# mapping t and s

I’d like to know to which texel specific t and s values map to. Let’s take s, for example:

s x (texel)
0 -> .5
1 -> width (outside of texture)

Is the mapping correct? It seems odd.

I’ve tried to find the mapping in the GL specs, but failed. Maybe you can give a reference?

The texture mapping is parametric; 0 (not -1) maps to the left or bottom, 1 maps to the right or top.

Maybe you can write this down in equations? What is the mapping exactly, if a specific s or t is given?

If you want exact equation, that should be detailed in the GL spec :
http://www.opengl.org/documentation/specs/

Maybe you can write this down in equations? What is the mapping exactly, if a specific s or t is given?
I can’t really write it down in equations, because it’s really quite complex (and I don’t know what it is). As ZbuffeR suggested, study the OpenGL spec. for what’s important to you. Here’s part of why it is so complicated: there are different types of texture maps (1D, 2D, 3D, cubemap, etc.), there may be mipmap levels, there may be various filterings in play (from anisotropic to nearest to linear, etc.), there may be different interpolation qualifiers (centroid, sample, smooth, flat, noperspective). All of these things interact with each other to make it especially complex. For example, the graphics hardware actually calculates the partial derivatives (in x and in y) in the fragment shader to properly apply texture maps, at least under some circumstances. So, it’s more than just a simple interpolation to calculate the mapping from texture coordinates to texel.

One more thing I should add: only fragment shaders access texture maps with all the complexity I described above. The other shaders can’t access mipmaps, for example, because it only makes sense in a context of window coordinates to make such a mapping.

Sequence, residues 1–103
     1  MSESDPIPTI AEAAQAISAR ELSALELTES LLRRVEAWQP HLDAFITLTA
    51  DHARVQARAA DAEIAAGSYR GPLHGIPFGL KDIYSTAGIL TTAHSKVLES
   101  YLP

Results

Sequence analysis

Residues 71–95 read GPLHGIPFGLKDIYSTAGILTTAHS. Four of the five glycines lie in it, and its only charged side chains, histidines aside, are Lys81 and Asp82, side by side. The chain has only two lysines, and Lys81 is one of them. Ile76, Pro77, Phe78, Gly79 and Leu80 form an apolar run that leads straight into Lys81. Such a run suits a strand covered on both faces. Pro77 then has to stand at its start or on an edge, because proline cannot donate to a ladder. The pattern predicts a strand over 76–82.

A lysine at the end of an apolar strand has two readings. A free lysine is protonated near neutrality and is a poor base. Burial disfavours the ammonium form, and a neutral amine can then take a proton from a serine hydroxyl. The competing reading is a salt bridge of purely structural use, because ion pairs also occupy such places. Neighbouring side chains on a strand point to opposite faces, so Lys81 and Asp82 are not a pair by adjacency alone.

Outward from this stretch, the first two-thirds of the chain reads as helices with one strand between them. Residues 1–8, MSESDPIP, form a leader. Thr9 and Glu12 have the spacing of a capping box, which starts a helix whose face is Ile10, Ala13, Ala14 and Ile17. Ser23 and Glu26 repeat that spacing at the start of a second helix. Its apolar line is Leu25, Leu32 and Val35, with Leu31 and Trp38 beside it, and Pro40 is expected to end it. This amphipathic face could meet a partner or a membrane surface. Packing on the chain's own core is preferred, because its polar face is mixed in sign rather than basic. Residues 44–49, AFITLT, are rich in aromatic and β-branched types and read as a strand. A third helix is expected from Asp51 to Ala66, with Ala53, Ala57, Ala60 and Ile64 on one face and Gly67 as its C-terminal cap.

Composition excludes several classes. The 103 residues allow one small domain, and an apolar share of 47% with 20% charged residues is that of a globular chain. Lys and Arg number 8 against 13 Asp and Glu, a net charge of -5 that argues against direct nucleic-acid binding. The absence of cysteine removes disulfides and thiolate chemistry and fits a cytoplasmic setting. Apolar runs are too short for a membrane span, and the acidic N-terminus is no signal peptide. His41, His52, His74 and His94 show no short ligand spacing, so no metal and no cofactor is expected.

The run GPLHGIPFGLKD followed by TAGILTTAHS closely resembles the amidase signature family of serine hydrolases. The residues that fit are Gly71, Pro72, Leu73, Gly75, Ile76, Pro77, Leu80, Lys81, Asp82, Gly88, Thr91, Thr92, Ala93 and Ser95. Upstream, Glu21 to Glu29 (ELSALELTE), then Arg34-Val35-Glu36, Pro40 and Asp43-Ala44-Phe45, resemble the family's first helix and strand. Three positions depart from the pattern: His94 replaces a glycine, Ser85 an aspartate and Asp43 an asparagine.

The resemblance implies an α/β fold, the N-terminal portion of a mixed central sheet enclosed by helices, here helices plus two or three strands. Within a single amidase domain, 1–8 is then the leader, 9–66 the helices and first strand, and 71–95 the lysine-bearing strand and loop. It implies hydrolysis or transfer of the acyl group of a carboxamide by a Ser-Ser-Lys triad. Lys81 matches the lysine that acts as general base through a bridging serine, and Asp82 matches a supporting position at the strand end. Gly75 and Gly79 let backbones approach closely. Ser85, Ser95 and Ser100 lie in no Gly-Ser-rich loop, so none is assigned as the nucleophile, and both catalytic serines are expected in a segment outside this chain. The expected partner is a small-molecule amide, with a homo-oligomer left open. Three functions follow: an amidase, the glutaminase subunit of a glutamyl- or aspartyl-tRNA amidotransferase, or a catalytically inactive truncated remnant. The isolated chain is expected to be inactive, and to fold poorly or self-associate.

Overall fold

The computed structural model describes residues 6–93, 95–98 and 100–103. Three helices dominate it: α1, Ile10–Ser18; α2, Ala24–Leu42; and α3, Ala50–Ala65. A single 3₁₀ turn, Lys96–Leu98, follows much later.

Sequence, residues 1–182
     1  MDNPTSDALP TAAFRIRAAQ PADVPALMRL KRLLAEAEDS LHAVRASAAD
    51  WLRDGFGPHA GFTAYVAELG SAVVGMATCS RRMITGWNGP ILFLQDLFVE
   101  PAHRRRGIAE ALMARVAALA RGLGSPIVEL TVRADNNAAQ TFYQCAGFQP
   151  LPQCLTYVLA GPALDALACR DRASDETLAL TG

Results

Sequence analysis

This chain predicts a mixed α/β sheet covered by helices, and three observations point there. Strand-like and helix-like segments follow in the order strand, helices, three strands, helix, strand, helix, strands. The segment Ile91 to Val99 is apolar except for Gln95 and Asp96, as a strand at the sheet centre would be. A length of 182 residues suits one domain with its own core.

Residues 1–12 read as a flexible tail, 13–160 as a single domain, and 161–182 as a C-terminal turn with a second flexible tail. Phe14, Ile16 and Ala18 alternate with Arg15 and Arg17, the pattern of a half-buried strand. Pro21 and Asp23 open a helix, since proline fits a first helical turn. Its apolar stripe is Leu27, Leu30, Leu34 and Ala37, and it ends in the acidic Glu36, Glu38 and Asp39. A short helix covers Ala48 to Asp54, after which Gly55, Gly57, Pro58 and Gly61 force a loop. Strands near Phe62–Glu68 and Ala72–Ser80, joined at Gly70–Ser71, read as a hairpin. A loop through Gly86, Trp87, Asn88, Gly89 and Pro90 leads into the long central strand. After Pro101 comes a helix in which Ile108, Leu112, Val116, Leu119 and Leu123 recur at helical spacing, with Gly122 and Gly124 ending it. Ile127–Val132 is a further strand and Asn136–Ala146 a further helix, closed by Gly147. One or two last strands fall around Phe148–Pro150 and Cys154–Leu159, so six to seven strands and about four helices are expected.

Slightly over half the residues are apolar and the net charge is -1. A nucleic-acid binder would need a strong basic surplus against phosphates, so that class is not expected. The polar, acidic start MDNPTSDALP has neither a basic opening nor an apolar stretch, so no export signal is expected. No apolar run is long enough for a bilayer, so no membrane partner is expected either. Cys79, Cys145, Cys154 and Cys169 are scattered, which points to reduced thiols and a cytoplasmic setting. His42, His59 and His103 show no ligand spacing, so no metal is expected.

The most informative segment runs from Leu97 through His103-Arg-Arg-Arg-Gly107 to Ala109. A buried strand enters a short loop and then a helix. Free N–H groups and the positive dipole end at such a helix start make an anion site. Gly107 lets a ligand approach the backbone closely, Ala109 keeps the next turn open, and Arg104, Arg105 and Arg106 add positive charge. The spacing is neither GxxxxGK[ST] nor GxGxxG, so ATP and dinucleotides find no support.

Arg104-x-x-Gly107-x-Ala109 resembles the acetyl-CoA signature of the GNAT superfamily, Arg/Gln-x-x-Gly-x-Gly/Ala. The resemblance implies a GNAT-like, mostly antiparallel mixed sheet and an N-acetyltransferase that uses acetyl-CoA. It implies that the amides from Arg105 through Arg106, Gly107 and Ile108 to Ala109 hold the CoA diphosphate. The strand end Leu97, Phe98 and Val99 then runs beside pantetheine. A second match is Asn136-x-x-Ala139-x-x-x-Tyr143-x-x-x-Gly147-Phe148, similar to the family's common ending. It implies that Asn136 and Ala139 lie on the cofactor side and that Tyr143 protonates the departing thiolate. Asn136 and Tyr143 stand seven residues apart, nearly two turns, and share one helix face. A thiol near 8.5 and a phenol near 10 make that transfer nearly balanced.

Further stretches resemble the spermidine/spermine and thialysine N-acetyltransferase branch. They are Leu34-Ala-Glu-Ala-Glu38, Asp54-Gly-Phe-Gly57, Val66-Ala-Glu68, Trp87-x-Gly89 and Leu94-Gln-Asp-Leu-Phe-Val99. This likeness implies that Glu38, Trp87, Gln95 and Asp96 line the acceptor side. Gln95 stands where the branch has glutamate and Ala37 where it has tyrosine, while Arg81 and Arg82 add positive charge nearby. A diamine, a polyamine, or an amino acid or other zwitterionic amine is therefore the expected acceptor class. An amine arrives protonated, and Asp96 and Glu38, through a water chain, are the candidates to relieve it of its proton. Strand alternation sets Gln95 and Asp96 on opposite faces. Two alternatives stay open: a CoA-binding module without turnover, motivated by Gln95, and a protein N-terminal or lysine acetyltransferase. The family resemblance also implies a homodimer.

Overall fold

So, the mapping from texture coordinates to texel is considerably simpler in the non-fragment shaders.

Well, as I wrote down, I’ve already studied the specs and got nowhere. I don’t really care much about filtering: the filters average texels in the neighborhood of a specific texel. So you can assume GL_NEAREST filtering. But you wrote down you didn’t know anyway so… I think s = 1, can’t point to the last texel in the column. I think it’s the edge between the last and the one outside the texture, if it gets clamped on the last, that’s GL’s thing.

I’ve already studied the specs and got nowhere

Come on.
Quick check, on glspec 2.1, page numbered 160 (pdf page 174) you even have a nice diagram in figure 3.10 …

Yeah, you’ve got it. 0,0 is the bottom left corner of the bottom left texel. 1,1 is the top-right corner of the top-right texel.

So texel edge coords are 0/N, 1/N, … N/N, and texel centers are 0.5/N, 1.5/N, … (N-1+0.5)/N. The texel data value being considered to be at the center of the texel. See the diagram Z-buffer pointed you two in the spec.

While true that answers to many questions are in the spec, I do remember the day when when sifting through it was a bit daunting and finding what I want didn’t always happen very fast. Having a good dose of GL experience and contextual knowledge (and knowing the standard names for things) works wonders. Don’t get discouraged. Just dive in and search. It gets easier fast.

Thanks for all answers. I am very grateful. It is indeed hard when you look for a simple answer like this in the specs and all you see are partial derivatives.